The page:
Pioneer Missionaries – Rev John & Helena Goldie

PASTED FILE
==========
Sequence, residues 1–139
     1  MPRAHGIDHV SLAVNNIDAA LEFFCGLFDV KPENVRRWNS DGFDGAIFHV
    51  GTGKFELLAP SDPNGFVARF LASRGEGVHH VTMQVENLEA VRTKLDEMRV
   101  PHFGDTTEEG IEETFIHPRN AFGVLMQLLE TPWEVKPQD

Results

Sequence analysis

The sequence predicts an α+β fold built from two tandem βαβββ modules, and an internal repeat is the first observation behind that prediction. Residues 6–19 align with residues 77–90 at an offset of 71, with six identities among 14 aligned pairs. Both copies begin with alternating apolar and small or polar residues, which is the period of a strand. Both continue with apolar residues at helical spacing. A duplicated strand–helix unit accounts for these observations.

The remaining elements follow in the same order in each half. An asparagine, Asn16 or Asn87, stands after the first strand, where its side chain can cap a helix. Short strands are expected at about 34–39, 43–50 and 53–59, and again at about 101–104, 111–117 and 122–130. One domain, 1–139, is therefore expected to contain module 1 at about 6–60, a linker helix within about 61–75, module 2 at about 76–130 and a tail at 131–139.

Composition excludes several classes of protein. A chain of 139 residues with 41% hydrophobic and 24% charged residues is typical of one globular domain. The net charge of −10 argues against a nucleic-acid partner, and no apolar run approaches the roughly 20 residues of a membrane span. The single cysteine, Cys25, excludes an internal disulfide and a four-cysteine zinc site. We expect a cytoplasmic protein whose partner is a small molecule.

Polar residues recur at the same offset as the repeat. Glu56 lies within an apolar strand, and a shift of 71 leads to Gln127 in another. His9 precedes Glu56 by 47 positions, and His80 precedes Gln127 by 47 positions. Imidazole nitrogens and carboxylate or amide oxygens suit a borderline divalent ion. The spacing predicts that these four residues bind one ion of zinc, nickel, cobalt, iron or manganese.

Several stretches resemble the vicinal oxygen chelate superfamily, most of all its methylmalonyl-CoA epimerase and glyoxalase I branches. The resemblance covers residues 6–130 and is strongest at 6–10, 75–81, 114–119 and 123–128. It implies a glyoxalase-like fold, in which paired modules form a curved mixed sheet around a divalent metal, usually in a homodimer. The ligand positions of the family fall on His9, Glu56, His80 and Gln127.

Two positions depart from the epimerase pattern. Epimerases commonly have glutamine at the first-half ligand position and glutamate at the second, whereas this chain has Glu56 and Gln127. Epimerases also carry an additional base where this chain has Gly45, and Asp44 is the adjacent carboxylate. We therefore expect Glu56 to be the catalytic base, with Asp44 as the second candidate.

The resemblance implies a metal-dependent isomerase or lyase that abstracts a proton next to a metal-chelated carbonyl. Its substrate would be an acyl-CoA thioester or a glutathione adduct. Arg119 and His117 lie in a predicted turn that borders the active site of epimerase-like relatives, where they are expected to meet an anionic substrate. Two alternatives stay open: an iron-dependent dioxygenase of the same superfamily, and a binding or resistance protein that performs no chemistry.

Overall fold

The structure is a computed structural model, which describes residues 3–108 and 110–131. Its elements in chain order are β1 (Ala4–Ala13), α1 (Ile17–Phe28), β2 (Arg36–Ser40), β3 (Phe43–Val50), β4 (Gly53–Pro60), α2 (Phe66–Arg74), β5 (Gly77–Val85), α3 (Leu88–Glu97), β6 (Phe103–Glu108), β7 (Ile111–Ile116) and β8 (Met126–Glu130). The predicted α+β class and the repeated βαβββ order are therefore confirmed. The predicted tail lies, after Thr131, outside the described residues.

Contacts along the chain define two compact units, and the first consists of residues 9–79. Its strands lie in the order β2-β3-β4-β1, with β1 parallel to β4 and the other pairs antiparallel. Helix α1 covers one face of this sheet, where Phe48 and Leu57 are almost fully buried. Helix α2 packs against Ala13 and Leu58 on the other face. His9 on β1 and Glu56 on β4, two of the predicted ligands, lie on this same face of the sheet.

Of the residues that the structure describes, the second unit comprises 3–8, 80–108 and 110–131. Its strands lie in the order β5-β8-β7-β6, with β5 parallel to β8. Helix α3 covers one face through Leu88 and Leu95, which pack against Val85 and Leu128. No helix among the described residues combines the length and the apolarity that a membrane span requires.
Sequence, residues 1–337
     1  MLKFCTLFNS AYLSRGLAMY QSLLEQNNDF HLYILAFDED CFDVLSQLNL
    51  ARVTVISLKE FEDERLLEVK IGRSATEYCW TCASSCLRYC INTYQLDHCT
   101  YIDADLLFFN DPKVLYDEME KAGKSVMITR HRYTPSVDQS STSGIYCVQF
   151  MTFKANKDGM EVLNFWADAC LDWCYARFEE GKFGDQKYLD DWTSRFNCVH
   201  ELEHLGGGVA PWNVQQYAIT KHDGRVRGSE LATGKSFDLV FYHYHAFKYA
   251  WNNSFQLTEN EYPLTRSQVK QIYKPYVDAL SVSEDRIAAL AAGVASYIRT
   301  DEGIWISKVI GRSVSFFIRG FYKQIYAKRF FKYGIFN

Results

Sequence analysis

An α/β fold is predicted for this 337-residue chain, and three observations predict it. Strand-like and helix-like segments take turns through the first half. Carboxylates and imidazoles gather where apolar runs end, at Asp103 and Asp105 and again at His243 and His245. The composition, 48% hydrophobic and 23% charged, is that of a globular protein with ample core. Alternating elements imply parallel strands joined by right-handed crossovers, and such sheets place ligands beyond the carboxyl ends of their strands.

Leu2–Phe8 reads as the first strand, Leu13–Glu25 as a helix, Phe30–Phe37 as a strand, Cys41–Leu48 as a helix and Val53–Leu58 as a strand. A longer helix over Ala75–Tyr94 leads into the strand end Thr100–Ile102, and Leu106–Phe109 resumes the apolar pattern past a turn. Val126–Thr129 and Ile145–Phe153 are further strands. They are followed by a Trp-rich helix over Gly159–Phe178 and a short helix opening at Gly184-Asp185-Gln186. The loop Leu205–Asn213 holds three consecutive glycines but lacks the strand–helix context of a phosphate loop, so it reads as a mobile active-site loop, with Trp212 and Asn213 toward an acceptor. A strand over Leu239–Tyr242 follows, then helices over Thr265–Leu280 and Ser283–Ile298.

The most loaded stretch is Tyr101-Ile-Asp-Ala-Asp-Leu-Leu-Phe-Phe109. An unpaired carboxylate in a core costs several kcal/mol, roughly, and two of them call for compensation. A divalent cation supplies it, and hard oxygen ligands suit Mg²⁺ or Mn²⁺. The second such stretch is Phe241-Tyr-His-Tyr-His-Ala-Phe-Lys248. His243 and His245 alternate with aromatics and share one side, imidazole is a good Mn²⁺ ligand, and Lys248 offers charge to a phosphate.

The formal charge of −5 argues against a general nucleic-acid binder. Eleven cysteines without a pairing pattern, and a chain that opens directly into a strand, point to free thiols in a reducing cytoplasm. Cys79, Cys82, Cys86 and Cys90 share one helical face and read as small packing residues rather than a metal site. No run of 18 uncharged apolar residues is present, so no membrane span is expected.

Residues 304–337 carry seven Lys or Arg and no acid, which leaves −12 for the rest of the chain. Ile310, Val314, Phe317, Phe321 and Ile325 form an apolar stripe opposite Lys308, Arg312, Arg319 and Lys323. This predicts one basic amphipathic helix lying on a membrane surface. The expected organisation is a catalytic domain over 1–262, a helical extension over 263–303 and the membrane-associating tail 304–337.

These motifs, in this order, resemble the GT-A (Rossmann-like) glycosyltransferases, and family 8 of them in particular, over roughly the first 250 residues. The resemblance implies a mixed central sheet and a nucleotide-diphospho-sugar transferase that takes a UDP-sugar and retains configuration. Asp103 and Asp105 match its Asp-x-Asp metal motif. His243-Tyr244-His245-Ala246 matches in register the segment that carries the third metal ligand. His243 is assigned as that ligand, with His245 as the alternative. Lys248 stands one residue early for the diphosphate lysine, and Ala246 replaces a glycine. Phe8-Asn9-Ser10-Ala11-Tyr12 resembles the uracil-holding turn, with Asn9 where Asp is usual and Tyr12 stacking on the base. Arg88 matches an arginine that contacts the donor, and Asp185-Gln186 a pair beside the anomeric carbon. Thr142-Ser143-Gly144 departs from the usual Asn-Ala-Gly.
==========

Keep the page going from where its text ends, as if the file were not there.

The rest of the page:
In the second half of the 19th century, the sugar cane industry was developing in central Queensland. The main problem was the lack of labourers, so ships would sail to Vanuatu and the Solomon Islands. On arrival at a convenient place, the sailors would conduct a fake church service on the beach, after which they would round up the man and take them back to Australia for several years, a practice known as Blackbirding.  Many of these people came under the influence of the Christian gospel and were keen to see this established in their native lands. It was in this way that the young Australian Methodist Minister John Goldie and his wife Helena came to be invited to the Solomon Islands. According to the records of the church, they were not in a great hurry to come here, but after much prayer and preparation, they arrived on a small island off Munda Point – the very centre of head hunting in the country. They were not sure how welcome they were, so they spent some time on the island. When they did come ashore, John was put to the test by being strapped to a tree overnight on Kokeqolo Hill. The arrangement was that if he survived the wild dogs, then the people would believe that his God had saved him. He did survive the night, but the locals were rel